N2O emissions from paddy occurred mainly during the fallow season (Fig. 1). N2O emissions from paddy varied greatly during the fallow season, ranging from 0~37 μg m−2 h−1, with an average rate of 4.2 μg m−2 h−1 and 10.7 μg m−2 h−1 for CK-Paddy and S-Paddy, respectively (Fig. 1). During the fallow season, straw mulching accelerated N2O emissions, and seasonal cumulative N2O fluxes were 0.18 kg ha−1 and 0.44 kg ha−1 for CK-Paddy and S-Paddy, respectively (Table 1). During the rice season, N2O emissions were very low, ranging from −3.3~20.2 μg m−2 h−1, with an average rate of 2.58 μg m−2 h−1 and 3.25 μg m−2 h−1 for CK-Paddy and S-Paddy, respectively (Fig. 1). During the rice season, straw retention had negligible effects on N2O emissions, and seasonal cumulative N2O fluxes were 0.11 kg ha−1 and 0.14 kg ha−1 for CK-Paddy and S-Paddy, respectively (Table 1).
CH4 and N2O emissions with ex situ application of rice straw
CH4 emissions from upland were very low throughout the entire year, ranging from −6.4~5.4 μg m−2 h−1, with an average rate of −0.05 μg m−2 h−1 and 0.15 μg m−2 h−1 for CK-Upland and S-Upland, respectively (Fig. 2). Annual cumulative CH4 fluxes were −0.005 kg ha−1 and 0.013 kg ha−1 for CK-Upland and S- Upland, respectively (Table 2).
However, upland soils were important sources of N2O. During the oilseed rape season, N2O emissions increased to about 200 μg m−2 h−1 at the first week after base fertilization, then gradually decreased, and kept an average rate of around 10.29 and 15.02 μg m−2 h−1 for CK-Upland and S-Upland, respectively, during the subsequent over 5 months (from 20-Nov-2014 to 10-May-2015) (Fig. 2). Average rates of N2O emissions in the oilseed rape season were 23.77 μg m−2 h−1 and 27.99 μg m−2 h−1 for CK-Upland and S-Upland, respectively, and seasonal cumulative N2O fluxes were 1.14 kg ha−1 and 1.34 kg ha−1 for CK-Upland and S-Upland, respectively (Table 2).
During the subsequent maize season, N2O emissions increased sharply to more than 800 μg m−2 h−1 at the first week after base fertilization, and then decreased to about 200 μg m−2 h−1 during subsequent 25 days (Fig. 2). Similar peak emissions occurred after topdressing at sixth-leaf stage and tenth-leaf stage. Average rates of N2O emissions in maize season were 158.33 μg m−2 h−1 and 162.06 μg m−2 h−1 for CK-Upland and S-Upland, respectively, and seasonal cumulative N2O fluxes were 5.21 kg ha−1 and 5.33 kg ha−1for CK-Upland and S-Upland, respectively (Table 2). More than 75% of N2O fluxes occurred in maize season (Table 2). There were about 50 non-crop days. During the non-crop period, the cumulative N2O fluxes were 0.34 kg ha−1 and 0.32 kg ha−1 for CK-Upland and S-Upland, respectively (Table 2). On the whole, the effects of straw mulching in upland on CH4 and N2O emissions were insignificant.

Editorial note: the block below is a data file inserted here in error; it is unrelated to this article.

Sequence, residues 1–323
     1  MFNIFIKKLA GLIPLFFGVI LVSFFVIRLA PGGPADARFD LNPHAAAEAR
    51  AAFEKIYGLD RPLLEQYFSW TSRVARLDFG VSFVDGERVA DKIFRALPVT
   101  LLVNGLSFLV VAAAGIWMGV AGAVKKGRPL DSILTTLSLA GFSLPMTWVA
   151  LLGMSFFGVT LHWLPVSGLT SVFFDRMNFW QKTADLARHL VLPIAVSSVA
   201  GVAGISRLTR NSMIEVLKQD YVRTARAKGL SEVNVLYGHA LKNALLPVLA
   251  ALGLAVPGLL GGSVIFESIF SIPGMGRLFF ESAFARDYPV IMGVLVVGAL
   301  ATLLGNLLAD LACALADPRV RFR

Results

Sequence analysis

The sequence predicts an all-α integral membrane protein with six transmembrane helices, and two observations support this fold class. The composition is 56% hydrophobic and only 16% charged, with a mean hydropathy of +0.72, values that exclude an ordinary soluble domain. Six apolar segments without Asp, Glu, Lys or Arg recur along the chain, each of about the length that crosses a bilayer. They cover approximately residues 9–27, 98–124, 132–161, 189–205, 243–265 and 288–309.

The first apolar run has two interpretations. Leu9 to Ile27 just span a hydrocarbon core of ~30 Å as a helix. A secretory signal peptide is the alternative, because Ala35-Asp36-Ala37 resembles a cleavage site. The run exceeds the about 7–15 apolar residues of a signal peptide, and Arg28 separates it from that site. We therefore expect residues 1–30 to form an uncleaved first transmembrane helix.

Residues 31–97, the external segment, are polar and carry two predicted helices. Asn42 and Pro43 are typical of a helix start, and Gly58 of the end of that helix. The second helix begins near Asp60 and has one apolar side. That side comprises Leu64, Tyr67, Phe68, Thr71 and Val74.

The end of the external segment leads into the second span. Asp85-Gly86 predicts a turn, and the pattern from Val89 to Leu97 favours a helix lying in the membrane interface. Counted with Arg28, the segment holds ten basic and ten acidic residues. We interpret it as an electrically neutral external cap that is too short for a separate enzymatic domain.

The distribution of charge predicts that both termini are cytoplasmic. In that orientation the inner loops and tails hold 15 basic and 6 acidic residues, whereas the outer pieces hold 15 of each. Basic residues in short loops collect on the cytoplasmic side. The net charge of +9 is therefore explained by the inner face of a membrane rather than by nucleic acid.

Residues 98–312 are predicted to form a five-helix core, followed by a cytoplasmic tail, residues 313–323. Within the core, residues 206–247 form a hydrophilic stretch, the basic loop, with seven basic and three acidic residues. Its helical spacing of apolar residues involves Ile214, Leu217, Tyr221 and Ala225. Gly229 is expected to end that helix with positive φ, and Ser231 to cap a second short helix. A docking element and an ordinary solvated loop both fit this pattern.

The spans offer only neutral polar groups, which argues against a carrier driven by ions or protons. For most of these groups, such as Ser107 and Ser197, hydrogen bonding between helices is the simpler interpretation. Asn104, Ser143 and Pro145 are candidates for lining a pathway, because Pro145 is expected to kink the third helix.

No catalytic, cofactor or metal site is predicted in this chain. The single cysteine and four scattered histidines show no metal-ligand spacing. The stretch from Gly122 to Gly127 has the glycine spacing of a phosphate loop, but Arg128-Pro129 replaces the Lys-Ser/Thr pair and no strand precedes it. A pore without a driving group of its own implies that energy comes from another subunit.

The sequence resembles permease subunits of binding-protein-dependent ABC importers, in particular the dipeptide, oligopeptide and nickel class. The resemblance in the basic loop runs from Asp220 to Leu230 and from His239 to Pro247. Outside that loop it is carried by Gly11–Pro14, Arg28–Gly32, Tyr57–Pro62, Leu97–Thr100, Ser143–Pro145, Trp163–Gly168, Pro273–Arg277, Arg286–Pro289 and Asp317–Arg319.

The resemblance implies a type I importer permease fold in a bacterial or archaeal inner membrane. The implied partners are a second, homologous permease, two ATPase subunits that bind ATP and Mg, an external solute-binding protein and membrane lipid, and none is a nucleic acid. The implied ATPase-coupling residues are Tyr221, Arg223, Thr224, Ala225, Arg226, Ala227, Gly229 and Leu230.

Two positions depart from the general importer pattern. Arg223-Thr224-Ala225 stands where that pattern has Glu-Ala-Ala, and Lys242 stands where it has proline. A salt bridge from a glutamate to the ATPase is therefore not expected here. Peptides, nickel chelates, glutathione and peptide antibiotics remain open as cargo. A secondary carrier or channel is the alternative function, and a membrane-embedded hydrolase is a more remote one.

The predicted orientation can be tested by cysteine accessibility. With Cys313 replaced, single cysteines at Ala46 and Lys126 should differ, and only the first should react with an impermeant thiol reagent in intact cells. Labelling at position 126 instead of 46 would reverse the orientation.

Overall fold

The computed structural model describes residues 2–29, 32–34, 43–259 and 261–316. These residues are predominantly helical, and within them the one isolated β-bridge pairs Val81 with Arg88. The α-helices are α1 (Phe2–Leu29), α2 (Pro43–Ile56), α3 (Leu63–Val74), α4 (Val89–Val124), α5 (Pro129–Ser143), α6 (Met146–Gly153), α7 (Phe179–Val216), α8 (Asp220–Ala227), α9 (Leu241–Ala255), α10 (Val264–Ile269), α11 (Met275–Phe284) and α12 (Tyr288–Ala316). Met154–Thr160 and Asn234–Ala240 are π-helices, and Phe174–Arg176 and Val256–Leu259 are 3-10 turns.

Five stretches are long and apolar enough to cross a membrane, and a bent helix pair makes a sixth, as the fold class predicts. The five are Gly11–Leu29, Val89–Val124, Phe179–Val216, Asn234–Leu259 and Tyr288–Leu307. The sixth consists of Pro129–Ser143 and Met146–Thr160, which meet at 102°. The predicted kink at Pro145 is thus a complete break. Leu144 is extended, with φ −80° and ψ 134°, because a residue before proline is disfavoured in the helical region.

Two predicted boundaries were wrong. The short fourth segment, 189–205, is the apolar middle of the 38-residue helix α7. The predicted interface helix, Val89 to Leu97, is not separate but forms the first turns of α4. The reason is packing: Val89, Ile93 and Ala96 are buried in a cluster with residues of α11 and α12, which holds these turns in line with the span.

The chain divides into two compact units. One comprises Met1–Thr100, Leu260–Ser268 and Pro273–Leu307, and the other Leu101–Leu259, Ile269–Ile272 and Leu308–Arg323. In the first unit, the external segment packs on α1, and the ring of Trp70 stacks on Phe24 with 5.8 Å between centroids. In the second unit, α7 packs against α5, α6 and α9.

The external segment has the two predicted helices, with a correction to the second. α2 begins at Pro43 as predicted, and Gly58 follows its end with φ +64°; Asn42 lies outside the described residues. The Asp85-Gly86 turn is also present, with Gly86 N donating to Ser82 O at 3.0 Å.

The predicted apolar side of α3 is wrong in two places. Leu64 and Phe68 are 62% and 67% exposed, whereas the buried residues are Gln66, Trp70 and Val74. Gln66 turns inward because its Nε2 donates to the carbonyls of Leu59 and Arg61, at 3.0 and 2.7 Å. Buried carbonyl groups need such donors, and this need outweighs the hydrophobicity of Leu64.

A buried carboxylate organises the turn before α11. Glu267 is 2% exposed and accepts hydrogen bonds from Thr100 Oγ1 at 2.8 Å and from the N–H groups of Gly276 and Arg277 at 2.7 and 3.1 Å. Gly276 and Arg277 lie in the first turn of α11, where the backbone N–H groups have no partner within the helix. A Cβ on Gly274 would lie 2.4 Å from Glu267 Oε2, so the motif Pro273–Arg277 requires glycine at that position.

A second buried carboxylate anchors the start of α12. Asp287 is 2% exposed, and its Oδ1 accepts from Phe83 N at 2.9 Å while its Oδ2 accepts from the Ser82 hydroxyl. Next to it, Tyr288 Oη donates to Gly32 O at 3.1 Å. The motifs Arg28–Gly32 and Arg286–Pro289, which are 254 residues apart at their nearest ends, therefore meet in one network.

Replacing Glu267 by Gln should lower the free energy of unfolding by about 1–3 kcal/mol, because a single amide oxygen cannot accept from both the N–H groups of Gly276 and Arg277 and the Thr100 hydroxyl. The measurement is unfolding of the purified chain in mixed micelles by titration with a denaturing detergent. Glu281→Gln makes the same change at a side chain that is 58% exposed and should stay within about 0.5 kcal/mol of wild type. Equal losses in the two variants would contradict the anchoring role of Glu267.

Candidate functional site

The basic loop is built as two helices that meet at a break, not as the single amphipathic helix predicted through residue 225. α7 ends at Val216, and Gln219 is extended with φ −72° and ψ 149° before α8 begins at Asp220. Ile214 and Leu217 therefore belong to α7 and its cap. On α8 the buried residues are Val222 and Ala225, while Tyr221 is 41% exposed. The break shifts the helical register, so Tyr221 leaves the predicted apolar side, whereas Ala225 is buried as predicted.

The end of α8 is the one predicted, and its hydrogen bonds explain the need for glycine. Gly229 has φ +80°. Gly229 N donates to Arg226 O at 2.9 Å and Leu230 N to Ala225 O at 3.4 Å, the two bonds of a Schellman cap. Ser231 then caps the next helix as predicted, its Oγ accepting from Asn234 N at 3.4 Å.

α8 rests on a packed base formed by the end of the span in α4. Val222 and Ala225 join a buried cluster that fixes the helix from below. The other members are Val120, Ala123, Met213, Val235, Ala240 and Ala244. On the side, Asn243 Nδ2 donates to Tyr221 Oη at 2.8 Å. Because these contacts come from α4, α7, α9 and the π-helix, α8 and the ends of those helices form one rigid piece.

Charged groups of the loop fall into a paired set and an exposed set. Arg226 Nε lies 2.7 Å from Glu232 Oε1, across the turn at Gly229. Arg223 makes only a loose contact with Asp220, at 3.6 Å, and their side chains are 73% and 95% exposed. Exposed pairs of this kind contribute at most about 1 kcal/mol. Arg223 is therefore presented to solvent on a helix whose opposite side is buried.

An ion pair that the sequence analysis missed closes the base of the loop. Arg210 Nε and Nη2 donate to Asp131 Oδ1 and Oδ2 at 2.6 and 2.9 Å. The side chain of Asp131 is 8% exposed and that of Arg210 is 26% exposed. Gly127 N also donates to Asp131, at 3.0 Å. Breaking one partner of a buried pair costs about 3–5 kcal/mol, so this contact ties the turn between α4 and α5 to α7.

Comparison of GWP between in situ application and ex situ application of rice straw
The main GHG from paddy was CH4 (Table 1). The CH4 emission from CK-Paddy plots was equivalent to 9398 kg CO2, accounting for 99% of GWP. And the CH4 emission from S-Paddy plots was equivalent to 16950 kg CO2, accounting for 98.7% of GWP. The CH4 emission from upland was approximate to 0, so the main GHG from upland was N2O, accounting for almost 100% of GWP (Table 2). The GWP of paddy was far greater than that of upland, with the former being 8.62 times of the latter (Tables 1 and 2). Straw removal from paddy decreased 51.2% of N2O emissions and 44.7% of CH4 emissions, thus deceasing 44.8% (7693 kg CO2-eqv ha−1 yr−1) of annual GWP (Table 1). From different seasons, there was 1.4% of GWP decrement (107 kg CO2-eqv ha−1) during fallow season, 10.4% of GWP decrement (797 kg CO2-eqv ha−1) during early rice season, and 88.2% of GWP decrement (6789 kg CO2-eqv ha−1) during late rice season (Table 1). Straw application in upland increased GWP by only 91 kg CO2-eqv ha−1 yr−1 (Table 2), which meant that the ex situ application of rice straw could decrease GWP by 7602 kg CO2-eqv ha−1 yr−1.